Question for the CD community… We want to put encoders on our shooter wheels, however we have a small problem - we’re using 1/2 inch shafts, and none of the encoders from US Digital support shafts that big!
We’re direct-driving the shafts, so there’s no real chance for us to stick the encoder elsewhere, short of adding belting over to an idler sprocket just for the encoder (which we don’t really want to do).
So, any suggestions out there for a reasonably priced encoder that works on a 1/2 inch shaft that would mount similar to the US Digital ones?
Unfortunately, no. The design we’re going with will have 2 550’s powering each wheel, and they’ll be mounted directly onto both ends of the shaft (through an appropriate gearbox). As you can imagine, this design does present some interesting challenges… like how to get an encoder on there!
Something to think about from our experience in Aim High is static electricity. In 2006 our ball shooter was a terrific generator of high voltage charges. Sparks could jump half an inch! That same year we used those larger US digital encoders and went through about half a dozen of them…destroyed by static.
If you have an all metal shooter it may not be an issue because the charge will have somewhere to go. Otherwise think about where the electrons will go to roost.
We had a similar issue in finding a decent encoder. I found and gutted an old Ball Mouse, using the optical components to sense a slotted wheel.
A ball mouse has four IR LEDs (clear case) that shine onto four Photodiodes (red case). Starting with a 7805 voltage regulator (to convert robot’s 12V), I fed a pair of LEDs (wired in series) the 5V through a 100 Ohm resistor.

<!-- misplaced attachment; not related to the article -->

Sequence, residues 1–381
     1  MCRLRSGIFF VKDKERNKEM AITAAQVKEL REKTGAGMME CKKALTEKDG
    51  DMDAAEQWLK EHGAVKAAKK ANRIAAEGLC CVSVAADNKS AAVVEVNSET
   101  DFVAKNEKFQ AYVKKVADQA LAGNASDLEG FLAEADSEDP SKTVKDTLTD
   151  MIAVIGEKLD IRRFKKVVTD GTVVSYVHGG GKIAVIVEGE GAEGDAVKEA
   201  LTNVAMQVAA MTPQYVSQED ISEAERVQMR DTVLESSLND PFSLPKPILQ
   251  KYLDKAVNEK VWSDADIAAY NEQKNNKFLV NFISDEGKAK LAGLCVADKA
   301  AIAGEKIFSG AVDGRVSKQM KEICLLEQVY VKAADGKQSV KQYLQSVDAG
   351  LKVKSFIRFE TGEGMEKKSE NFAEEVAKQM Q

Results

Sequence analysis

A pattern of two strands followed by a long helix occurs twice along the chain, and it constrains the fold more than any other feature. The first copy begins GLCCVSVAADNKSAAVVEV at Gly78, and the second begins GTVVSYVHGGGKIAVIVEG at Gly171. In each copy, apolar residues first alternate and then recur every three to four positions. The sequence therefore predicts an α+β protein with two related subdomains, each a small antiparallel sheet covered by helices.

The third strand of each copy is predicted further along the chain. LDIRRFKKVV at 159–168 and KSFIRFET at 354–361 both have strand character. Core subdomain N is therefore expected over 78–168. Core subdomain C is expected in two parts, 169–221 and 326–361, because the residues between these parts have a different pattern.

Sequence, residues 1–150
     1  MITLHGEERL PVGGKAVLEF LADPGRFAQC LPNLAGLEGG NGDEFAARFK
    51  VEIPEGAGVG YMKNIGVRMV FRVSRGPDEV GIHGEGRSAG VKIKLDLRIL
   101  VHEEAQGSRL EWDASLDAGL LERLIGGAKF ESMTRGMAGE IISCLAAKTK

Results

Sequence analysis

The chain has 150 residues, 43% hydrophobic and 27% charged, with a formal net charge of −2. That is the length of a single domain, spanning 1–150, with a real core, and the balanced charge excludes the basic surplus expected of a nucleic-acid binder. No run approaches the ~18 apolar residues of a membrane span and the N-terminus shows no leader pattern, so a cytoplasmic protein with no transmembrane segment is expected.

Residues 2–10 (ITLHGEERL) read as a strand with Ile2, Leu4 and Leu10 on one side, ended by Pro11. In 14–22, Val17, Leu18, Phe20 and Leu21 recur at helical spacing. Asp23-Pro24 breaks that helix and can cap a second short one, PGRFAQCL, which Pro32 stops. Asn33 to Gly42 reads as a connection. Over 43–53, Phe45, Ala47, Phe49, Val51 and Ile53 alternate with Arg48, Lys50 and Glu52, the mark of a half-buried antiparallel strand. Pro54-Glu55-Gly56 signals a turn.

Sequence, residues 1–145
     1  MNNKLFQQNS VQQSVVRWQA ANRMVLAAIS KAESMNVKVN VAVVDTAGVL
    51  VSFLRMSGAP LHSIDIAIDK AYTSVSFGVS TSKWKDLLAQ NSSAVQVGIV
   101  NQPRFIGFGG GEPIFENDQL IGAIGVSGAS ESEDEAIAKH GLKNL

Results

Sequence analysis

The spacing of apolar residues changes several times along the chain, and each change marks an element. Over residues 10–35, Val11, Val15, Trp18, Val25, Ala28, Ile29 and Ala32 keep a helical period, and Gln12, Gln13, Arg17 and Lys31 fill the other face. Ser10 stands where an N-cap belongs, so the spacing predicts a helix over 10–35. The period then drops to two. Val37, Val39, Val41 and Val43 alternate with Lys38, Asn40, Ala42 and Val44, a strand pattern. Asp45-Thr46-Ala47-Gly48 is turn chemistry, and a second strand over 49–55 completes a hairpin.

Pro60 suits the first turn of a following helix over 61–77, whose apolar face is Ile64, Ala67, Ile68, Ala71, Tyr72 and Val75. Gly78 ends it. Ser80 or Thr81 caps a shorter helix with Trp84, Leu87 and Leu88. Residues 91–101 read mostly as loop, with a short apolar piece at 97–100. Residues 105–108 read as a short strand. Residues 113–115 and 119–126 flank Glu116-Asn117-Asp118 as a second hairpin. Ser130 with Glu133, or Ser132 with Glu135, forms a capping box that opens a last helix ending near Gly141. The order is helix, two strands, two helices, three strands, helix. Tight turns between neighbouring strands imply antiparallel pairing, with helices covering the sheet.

Each photodiode has a surface-mount 10k resistor associated with it. +5 goes to one side of the photodiode, I pick off the signal from the other side of the photodiode (which also goes to the resistor), and the other side of the resistor is ground.
The Photodiode output is fed through a 74LS14 inverting Schmitt Trigger ('cause that’s what I had) but I suppose any TTL device would buffer it OK. (A Schmitt Trigger is used exactly for this kind op application, ‘debouncing’ any inputs)
I think the cRio can handle the data rate, if I measure the time between pulses to check speed. If not, we might use an Arduino board to handle the counting via Interrupts and also do the PID calculations, feeding only motor speed control data back to the cRio.
Testing it tomorrow.
(Are you old enough to know what a Ball Mouse is?)
Has anyone tried using last years Rockwell Automation light sensor for the kit of parts? They spec it as having a 1Ms response time. Unknown to me is how focused it is and how close it can be to the axle.